The pain from a pinched nerve in the hip can be severe. You may have pain when you move or you may walk with a limp. The pain can feel like an ache, or it may burn or tingle. You may also have numbness that can spread down your leg.
A pinched nerve occurs when tissues press on the nerve, causing tingling or even weakness. A pinched nerve in your hip can be caused by various things, including:
- sitting for extended periods of time
- herniated disc
- muscle strain
- bone spur
- being overweight or obese
Read on to learn more about this condition and what you can do to relieve the pain.
What does a pinched nerve in the hip feel like?
A pinched nerve feels different from a stiff back, though the pain and symptoms vary among different people. A pinched nerve in the hip often causes pain in the groin. Sometimes the pain also radiates down the inner thigh. It can travel to the knee as well.
If you have a pinched nerve in your hip, walking will make it worse. The more activity you do, the worse the pain should become. The pain may feel like a dull ache or it may be a sharp, burning pain. You may also experience painful numbness, especially in the buttocks, or a tingling sensation. Some people also notice a tight feeling.
Many pinched nerves resolve on their own and don’t need medical treatment. There are many home remedies to try, but it’s still best to double-check with your doctor first. They can rule out other conditions that may require different treatment.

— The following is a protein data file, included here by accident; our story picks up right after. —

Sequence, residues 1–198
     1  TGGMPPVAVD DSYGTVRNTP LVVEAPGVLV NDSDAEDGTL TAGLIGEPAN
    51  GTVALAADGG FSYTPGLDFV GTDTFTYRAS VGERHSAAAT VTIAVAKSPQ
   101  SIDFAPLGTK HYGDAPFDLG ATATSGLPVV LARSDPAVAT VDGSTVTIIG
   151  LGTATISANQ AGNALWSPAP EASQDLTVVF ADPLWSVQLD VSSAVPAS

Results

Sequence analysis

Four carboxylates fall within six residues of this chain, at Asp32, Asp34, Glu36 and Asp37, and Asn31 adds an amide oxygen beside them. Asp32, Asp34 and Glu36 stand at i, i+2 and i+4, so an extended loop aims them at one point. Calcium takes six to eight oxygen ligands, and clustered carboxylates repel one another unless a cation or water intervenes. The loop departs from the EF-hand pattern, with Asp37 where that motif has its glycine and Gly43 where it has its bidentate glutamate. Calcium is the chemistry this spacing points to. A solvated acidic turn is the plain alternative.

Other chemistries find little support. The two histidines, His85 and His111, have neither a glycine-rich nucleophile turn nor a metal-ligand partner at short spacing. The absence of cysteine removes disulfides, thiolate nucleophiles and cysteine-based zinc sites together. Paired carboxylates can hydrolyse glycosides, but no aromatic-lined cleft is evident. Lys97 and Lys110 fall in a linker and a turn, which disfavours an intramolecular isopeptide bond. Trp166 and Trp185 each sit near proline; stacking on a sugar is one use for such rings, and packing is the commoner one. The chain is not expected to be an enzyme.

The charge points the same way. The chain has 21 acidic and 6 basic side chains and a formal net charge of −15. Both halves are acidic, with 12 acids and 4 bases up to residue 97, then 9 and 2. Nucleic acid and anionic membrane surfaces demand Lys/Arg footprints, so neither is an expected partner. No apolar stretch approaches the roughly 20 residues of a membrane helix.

To treat the condition at home, start with rest and over-the-counter (OTC) anti-inflammatory medications, such as ibuprofen (Advil) or naproxen (Aleve). Find out when you should take ibuprofen or naproxen.
Ice and heat can also help. Ice reduces swelling and heat helps your blood circulate, which may help reduce pain. Alternate between the two.
While you’re resting, avoid sitting or standing in a position that increases your pain. That could be a sign that you’re putting additional pressure on the pinched nerve. The pinched nerve may cause severe pain in the hip, buttocks, and legs.
You may also be able to do gentle stretches and exercises to help relieve the pressure. You can do these in between periods of rest.
Depending on where your pain is, some stretches could be helpful. When the piriformis is tight, it can put pressure on the nerves. To stretch that area, follow the steps below.
- Take a seat with legs bent in front of you.
- Rest the ankle of the affected side on the opposite knee. Then lie down flat on your back.
- Bend your bottom leg so that you can clasp your knee with both hands.
- Gently pull the knee in towards your body.
- To increase the stretch, move your hand down to grasp your ankle and pull the leg gently towards the opposite hip.
- Hold the stretch for 10 seconds.
- Switch legs and repeat the stretch.
- Do the stretch three times per leg.
Often, a pinched nerve in the hip is caused or exacerbated by a weak core, so working on strengthening your abdominals and back is helpful. The plank exercise tones the entire core.